The Boy Who Could Do Anything–Page 2

He took a few steps without crashing into anything but then stopped again. Something was in the cave with him. He could hear it whisper closer—it was only maybe a few feet in front of him. He quickly backed up, but it had found him. He stumbled against the wall as he felt the thing brush his toes. As soon as it touched him, goose bumps prickled up his body. It coiled up his legs, and his throat became dry; he couldn’t swallow.

For a moment he was unable to make himself move. He was convinced he was in hell and that this was just the beginning of the torture. Then he imagined his daughter chiding him, “Stop letting them push you around and tell you what to do. You know what’s best for you—they don’t know anything.”

She’d been talking about the government, and he’d disagreed, but her words finally rang true now. If he wanted to see her again he had to get away. The monster had a tight grip on his legs, and he couldn’t run, so he dropped to the ground and crawled. Where he thought there’d been a solid wall he found a tunnel, and he immediately squeezed inside. As he wiggled along through the tight space, scraping his hands and knees, he felt the tentacle of the creature that had been attacking him loosen and fall away. He swallowed gratefully and kept going.

The tunnel seemed to have no end. It pushed his shoulders and snagged his sweater. Soon his entire body was aching. Most unsettling was the unending darkness. His eyes strained for something to focus on but were continuously frustrated. More than anything he wished for the encouragement of a bit of light.

And then finally there was a glimmer of white like a pinpoint up ahead. He feared he was hallucinating, but it grew larger as he got closer, and finally he dragged himself out of the tunnel into a room he could actually see.

As bright as the light had seemed, the room was actually quite dim. He was still in the cave, and this chamber was filled with stalactites and stalagmites. He wasn’t sure where the light was coming from, but frankly, he didn’t care.

His body could feel the strain of every minute of the 50 years he’d been alive. All of his muscles ached, and he wasn’t sure if some of his joints would ever properly straighten. He was worried that he wouldn’t be able to stand up.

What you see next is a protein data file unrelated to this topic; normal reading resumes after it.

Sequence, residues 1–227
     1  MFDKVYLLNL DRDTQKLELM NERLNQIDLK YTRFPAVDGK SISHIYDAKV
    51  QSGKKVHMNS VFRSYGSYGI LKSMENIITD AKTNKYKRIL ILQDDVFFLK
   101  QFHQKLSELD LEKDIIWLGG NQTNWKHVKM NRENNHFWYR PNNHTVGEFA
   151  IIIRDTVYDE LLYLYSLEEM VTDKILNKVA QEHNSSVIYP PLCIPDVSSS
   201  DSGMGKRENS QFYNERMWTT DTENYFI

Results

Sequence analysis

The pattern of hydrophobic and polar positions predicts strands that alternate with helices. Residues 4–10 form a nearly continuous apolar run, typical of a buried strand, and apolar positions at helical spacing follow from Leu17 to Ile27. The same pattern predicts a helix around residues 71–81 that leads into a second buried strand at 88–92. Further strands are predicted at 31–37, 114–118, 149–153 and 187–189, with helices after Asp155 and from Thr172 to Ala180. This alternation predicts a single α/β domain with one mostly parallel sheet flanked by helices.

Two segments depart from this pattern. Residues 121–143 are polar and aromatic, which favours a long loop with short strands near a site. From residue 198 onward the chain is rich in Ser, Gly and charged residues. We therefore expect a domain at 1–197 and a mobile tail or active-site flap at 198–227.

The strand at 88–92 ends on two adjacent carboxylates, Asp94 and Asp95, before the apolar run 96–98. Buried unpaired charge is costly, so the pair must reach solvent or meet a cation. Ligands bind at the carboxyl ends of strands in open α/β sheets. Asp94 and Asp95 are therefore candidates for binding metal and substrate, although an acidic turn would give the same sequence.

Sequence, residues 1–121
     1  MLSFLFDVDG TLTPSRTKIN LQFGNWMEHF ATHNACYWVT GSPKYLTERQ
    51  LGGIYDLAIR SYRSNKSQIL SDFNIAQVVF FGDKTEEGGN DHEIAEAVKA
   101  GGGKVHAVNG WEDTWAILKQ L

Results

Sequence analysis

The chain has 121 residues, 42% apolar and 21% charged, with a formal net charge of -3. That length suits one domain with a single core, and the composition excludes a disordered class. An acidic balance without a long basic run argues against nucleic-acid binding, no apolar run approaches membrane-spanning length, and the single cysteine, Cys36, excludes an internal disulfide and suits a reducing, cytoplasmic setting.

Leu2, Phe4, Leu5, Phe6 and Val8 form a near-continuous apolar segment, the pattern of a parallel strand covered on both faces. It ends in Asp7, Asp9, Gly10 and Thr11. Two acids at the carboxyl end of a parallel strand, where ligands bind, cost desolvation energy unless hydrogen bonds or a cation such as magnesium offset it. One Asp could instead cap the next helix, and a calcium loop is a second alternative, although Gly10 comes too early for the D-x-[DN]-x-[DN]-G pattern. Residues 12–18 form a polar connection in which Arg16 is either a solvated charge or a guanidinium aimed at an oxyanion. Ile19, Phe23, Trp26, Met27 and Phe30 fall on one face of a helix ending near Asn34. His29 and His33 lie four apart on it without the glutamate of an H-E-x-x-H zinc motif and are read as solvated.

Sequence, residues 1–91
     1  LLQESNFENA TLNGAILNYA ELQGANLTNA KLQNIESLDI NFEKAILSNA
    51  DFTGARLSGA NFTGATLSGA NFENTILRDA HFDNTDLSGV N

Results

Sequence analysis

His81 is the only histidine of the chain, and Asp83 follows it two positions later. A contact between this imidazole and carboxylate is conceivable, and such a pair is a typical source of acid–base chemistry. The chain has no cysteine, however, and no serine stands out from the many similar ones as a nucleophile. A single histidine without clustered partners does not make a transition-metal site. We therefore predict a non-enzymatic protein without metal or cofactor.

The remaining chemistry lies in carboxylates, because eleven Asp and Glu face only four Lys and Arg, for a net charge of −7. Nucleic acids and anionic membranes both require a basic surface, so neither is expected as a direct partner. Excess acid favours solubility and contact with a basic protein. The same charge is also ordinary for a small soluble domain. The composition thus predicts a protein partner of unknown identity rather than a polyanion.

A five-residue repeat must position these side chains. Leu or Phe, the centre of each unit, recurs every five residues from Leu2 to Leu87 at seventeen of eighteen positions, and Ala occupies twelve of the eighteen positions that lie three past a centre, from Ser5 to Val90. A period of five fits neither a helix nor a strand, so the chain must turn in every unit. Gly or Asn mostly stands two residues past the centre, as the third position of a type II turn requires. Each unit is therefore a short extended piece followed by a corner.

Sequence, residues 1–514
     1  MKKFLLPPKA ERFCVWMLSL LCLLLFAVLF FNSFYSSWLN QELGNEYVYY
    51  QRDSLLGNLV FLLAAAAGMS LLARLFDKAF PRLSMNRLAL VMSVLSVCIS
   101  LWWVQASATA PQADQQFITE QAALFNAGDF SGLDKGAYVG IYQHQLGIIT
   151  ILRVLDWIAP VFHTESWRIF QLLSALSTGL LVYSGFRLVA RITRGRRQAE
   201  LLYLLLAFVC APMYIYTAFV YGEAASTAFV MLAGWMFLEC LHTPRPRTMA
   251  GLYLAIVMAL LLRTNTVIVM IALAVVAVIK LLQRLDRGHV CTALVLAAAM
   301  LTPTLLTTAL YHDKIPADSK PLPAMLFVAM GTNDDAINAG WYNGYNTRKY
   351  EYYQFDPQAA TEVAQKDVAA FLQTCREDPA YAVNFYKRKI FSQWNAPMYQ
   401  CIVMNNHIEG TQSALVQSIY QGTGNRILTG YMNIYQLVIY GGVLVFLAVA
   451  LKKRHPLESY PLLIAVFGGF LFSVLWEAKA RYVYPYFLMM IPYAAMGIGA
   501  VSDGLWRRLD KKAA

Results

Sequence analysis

Al grabbed the slippery tip of a low stalagmite and hauled himself to his feet. His back didn’t want to straighten, and his knees trembled at the thought of supporting his weight, but he forced it all to happen.

He distracted himself from all his aches and pains by looking around this part of the cave—primarily to search for a way out. The dim light made some pretty creepy shadows, and the high ceilings amplified the sound of dripping water. As he listened longer he realized that there was something else nearby crying soft, short sobs.

With his last encounter still fresh in his head, he approached whatever it was very cautiously. He peeked around a fat stalagmite and got a glimpse of something bright red. The next thing he knew he was laid out flat on his stomach, his chin hitting the stone floor painfully. As all moisture vanished from his mouth and throat, he knew exactly what was happening. The thing from before had caught up to him and was now pulling itself up his body. He stretched an arm out in an effort to get free, but it had a tight hold of him and wasn’t about to let go.

His whole body felt stiffer and harder to move, making it seem even less likely that he’d be able to get free. Now that it had a good grip on him it began pulling on him—not just physically. It seemed to be pushing deep into him, trying to drag something out. He moaned, seeing no other option but to give in and let it have what it wanted.

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